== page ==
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I can chartjunk and so can you!

February 6, 2012

Here's a brilliant post by Andrew Gelman, highlighting a tutorial that will actually destroy information in 25 steps, allowing you (yes, you!) to create this anti-masterpiece: People who treat chartjunk infographics as real data visualizations should be redirected to a GeoCities archive every time they access Wikipedia.

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Facebook au lait

February 5, 2012

The NYT's Bits section, which up until now I thought was doing a wonderful job of evolving technology reporting to a higher, "post-blog" level, has left me stunned with a bizarre editorial in which the author requests compensation for his contribution to Facebook's success. Is it just a tongue-in-cheek opinion designed to attract eyeballs and -- yes […]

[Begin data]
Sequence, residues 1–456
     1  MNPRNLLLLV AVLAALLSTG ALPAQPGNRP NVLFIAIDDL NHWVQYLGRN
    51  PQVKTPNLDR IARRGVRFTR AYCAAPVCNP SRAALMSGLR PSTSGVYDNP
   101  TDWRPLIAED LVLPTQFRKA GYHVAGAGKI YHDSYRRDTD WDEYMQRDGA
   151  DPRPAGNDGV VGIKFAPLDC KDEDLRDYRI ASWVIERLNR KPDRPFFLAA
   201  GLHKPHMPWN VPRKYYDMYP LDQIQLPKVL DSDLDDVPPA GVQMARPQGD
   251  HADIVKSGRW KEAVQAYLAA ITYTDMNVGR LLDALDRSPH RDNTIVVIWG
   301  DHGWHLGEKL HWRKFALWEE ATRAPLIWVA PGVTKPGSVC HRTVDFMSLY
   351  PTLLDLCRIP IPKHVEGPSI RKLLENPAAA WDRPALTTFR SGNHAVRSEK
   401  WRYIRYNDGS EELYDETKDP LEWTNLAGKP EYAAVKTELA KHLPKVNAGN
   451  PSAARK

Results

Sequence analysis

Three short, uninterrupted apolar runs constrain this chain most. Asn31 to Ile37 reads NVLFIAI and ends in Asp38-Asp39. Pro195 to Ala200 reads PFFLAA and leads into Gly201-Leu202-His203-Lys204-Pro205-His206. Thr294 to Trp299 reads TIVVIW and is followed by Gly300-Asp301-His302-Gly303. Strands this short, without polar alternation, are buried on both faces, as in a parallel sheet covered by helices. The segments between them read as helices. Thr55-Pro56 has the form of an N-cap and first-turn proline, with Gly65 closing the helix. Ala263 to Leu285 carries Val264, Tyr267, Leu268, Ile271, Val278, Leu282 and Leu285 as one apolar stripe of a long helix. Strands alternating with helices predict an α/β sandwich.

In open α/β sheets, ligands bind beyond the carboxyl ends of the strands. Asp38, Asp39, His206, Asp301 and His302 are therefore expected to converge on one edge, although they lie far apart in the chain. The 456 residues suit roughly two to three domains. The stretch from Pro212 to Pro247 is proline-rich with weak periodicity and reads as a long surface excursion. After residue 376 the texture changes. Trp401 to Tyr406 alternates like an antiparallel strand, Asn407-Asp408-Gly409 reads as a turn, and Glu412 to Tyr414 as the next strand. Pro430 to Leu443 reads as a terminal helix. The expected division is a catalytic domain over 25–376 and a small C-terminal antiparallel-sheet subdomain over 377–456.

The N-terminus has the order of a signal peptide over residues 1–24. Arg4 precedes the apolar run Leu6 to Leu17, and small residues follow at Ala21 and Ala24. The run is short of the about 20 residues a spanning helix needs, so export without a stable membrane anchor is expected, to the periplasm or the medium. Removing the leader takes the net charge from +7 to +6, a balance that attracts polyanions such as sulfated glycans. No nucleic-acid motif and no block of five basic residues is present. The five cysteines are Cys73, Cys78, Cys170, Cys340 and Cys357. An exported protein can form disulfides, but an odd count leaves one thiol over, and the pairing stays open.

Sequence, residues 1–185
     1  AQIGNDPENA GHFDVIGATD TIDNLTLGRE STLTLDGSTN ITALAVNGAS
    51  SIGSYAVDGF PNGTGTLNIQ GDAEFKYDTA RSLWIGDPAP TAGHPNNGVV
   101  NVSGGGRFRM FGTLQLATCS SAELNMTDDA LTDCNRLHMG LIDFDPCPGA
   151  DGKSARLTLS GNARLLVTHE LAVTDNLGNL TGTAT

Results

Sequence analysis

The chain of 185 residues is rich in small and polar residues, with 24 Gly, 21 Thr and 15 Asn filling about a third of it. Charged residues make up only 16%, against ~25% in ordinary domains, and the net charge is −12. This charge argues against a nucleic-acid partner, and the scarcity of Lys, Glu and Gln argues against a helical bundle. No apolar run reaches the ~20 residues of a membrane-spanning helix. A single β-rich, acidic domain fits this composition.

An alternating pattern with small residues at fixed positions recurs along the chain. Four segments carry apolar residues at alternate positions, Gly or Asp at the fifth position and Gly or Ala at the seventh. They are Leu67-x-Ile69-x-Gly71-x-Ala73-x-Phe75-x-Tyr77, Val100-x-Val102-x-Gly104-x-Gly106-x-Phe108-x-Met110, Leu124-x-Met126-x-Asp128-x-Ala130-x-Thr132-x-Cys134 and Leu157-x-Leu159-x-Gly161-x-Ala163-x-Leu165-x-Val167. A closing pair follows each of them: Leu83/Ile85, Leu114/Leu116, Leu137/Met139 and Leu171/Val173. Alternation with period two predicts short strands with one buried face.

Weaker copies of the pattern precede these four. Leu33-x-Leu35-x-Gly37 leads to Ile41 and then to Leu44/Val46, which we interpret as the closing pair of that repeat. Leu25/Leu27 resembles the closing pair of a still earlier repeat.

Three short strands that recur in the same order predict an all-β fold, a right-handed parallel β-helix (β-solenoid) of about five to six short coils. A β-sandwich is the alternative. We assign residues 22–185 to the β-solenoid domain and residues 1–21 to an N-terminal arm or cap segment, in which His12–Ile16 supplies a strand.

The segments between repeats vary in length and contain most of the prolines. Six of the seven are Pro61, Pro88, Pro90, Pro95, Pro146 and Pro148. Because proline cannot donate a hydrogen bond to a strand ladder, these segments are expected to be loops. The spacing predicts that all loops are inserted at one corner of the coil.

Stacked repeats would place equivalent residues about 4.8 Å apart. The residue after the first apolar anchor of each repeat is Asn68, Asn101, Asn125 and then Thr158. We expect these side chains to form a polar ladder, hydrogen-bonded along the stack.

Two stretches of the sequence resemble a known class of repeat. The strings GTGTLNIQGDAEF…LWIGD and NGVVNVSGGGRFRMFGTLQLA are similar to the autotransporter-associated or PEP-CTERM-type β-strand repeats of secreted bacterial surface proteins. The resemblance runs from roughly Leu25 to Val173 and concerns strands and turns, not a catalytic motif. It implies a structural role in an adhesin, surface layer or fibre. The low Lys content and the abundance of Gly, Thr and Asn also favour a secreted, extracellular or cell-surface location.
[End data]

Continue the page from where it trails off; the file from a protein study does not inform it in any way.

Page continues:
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Desperately seeking an informed financial community

February 4, 2012

A sweeping tip of the hat to Barry Ritholtz's guest blogger SilverOz, who was willing to call out the mad (tinfoil) hatters at Zero Hedge on their usual nonsense (emphasis mine): So Rick/Zero Hedge, unless you would like to argue that the population of the United States also grew by 1.5 million in one month (since […]

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Another for the futurist set...

February 4, 2012

It's been a while since we posted one of these, so here's Corning's latest peek at the future, "A Day Made of Glass 2:" (And here is a narrated version with additional details on what is -- and isn't -- currently possible.)

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Does a department store credit card really hurt your credit score?

January 27, 2012

I came across an article on whether or not closing credit card accounts lowers your credit score, which included this bizarre observation: The addition of new credit card debt also increases your credit utilization, or debt-to-credit limit ratio, on revolving accounts such as credit cards. For FICO scores, this ratio is part of a factor […]